Gender equality deals with equal relations between males and females, especially in the context of treatment, access and opportunities in different fields of life and society.
Take for example the lack of gender equality and limitations in entering certain fields both for males and females. In a professional world we often underestimate males who are active in fashion or the culinary profession or look askance at females who are involved in mining or the automotive sector.
Dr. Niken Savitri, SH MCL, a lecturer in the Faculty of Law at Parahyangan Catholic University (FH Unpar) who is a member of the Asosiasi Pengajar Hukum dan Gender Indonesia / the Indonesian Gender and Law Educator Association said that gender equality in education represents gender equality in society at large. Every field of education has to be open as wide as possible for both male and female, without distinction.
Gender inequality is closely related to discrimination, both de jure and de facto. In her opinion, de jure discrimination in education context is closely related to the regulations that differentiate between male and female in entering certain fields. De jure (legally) there is no gender discrimination in education as every citizen has the right to enjoy an education, as stated in the 1945 Constitution of the Republic of Indonesia.
Unfortunately, de facto (factually), people have differing perceptions that females and males are intrinsically different, so there are certain fields that are only suitable for female and others for male. For example, female is more suitable for literature or social fields, and male in engineering and science.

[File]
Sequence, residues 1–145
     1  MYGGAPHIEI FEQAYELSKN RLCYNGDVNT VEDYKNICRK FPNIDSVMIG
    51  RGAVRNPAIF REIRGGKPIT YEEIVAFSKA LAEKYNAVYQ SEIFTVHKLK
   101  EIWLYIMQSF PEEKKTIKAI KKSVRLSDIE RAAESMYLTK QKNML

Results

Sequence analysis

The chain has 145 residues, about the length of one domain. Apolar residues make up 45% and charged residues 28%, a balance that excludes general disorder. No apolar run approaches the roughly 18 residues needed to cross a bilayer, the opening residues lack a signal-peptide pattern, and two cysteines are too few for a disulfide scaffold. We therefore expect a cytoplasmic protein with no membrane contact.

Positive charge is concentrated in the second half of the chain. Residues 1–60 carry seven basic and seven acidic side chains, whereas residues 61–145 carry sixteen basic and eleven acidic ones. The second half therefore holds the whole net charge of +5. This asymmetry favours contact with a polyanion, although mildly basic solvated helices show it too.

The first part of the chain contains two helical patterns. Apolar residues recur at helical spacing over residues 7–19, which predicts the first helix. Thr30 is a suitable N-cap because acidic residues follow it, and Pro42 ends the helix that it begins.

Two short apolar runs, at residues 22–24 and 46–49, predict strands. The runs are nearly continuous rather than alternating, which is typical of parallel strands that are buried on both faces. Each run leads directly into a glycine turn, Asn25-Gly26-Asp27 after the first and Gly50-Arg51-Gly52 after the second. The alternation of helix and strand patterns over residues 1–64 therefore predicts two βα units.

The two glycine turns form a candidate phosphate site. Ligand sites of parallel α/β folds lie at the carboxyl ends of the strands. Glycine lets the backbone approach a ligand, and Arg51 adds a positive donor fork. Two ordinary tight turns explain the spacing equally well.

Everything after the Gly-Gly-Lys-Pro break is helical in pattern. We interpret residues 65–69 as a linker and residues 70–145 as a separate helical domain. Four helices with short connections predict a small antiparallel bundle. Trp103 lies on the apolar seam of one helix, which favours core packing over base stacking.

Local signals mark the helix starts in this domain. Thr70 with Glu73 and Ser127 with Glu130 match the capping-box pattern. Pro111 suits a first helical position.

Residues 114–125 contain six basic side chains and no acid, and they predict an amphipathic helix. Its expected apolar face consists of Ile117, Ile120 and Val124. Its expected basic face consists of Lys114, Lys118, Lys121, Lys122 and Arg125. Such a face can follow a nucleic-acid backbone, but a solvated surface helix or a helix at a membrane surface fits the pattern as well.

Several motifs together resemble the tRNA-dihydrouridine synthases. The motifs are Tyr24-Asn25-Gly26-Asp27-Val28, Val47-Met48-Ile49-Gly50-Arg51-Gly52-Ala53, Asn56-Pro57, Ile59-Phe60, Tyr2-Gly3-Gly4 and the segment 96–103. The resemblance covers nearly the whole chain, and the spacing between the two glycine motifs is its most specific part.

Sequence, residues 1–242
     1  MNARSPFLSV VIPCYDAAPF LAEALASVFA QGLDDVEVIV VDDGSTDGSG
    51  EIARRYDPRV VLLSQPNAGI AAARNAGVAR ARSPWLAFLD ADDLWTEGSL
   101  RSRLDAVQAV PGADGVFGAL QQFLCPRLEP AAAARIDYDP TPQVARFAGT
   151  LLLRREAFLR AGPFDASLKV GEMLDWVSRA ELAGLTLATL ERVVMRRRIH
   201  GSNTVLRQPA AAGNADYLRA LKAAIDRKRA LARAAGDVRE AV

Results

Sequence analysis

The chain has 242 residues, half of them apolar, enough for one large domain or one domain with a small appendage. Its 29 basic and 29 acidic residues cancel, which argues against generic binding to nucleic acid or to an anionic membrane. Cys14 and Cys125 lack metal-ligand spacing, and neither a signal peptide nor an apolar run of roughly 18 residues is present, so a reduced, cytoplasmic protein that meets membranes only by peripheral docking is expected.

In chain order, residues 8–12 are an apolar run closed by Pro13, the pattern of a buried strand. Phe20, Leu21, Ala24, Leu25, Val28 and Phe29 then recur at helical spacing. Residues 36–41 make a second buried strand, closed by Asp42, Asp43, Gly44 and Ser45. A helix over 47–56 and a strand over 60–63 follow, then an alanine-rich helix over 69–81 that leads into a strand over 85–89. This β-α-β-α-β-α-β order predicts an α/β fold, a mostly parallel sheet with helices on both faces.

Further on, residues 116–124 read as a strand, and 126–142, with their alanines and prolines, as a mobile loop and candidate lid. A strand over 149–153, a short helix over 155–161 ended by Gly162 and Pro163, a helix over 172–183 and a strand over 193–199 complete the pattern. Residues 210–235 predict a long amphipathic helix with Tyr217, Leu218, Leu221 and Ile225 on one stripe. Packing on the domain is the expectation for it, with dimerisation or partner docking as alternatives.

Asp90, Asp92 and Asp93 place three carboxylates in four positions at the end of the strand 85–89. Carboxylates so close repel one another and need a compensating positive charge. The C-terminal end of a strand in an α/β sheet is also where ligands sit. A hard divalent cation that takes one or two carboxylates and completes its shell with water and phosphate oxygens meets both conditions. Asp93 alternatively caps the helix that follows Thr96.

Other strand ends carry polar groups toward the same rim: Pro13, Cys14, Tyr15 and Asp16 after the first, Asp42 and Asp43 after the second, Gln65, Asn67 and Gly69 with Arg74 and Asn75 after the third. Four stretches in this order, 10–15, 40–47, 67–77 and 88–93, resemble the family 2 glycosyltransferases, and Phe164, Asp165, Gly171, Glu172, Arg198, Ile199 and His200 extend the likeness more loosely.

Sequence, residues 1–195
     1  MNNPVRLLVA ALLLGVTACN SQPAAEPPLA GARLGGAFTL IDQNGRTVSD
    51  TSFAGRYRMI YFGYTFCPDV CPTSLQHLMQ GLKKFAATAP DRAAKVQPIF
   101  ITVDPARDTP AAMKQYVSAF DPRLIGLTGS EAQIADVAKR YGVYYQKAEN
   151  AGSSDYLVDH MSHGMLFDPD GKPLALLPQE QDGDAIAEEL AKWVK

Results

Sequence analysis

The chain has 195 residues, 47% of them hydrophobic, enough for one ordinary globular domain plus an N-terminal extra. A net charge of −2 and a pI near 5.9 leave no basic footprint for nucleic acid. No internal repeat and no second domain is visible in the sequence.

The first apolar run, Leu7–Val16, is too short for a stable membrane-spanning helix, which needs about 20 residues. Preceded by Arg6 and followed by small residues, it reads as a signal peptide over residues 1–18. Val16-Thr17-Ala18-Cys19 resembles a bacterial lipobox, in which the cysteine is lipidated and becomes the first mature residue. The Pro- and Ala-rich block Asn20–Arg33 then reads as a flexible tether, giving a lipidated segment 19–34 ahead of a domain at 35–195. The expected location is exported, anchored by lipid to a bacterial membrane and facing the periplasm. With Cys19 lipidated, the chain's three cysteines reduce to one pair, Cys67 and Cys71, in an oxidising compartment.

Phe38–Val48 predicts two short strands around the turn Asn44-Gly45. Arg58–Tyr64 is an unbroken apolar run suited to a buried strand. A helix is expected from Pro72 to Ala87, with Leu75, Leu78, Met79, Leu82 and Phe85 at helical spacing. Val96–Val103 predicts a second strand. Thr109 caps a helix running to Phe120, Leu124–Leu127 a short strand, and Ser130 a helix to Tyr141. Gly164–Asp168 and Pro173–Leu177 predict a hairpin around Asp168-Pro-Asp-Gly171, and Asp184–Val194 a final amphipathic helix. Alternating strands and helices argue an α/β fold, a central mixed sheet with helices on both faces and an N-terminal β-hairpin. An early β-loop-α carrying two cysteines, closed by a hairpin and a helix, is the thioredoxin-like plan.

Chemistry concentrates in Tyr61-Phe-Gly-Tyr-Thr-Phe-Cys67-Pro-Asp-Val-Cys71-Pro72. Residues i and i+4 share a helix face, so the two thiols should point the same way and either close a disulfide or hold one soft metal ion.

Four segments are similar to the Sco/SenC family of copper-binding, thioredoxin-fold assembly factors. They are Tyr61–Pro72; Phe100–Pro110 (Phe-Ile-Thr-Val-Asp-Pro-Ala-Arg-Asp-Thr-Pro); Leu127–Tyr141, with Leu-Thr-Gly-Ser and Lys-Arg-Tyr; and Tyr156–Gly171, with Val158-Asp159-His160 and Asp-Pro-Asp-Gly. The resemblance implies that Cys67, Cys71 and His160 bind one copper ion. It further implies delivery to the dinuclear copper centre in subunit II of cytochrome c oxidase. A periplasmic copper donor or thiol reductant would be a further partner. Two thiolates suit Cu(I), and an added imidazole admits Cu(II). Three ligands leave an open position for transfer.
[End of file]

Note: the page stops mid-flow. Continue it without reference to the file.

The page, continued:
Looking at the assumptions, we can say that gender inequality stems from culture, especially in a patriarchal society. Hence, the issue to reconstruct the perspective and mindset toward the issue of gender has to be examined and explored; one of them is through education.
The Education World
Parahyangan Catholic University (Unpar) is one of the educational institutions that appreciate gender equality. This appreciation is reflected in Unpar policies to see males and females with equal potential and opportunity in education.
Gender as a cultural construct and society’s perception need to be reconstructed. This can be achieved through formal education such as the one offered at Unpar, through subjects offered (Hukum Hak Asasi Manusia / Human Rights Law and in the Faculty of Philosophy with the feminism course), or other co-curricular and extra-curricular activities that can hopefully open the minds of Unpar students.
The existence of Pusat Studi Gender / the Center for Gender Studies in the Research and Community Service Institute (LPPM) Unpar is a strategic effort and a place for education to better understand gender equality.
This “vessel”/place is not meant for only lecturers but also students and employees to accommodate thoughts as well as to give and share knowledge and experience. Therefore, students can appreciate themselves and others including females, as a valuable, precious and potential resource. These are the values that need to be awakened in every individual including females.
To quote Niken, the main issue lies in society’s stigma on gender. Therefore, Unpar will participate in forming supportive perceptions of the female potential. Ideally, every program policy, planning and evaluation has to incorporate the gender mainstream so that every program will be influential and meaningful for gender equality as well as improving the female potential.
Source: Kompas – Griya Ilmu (Tuesday, April 12th 2016), “Kesetaraan Gender dalam Dunia Pendidikan”.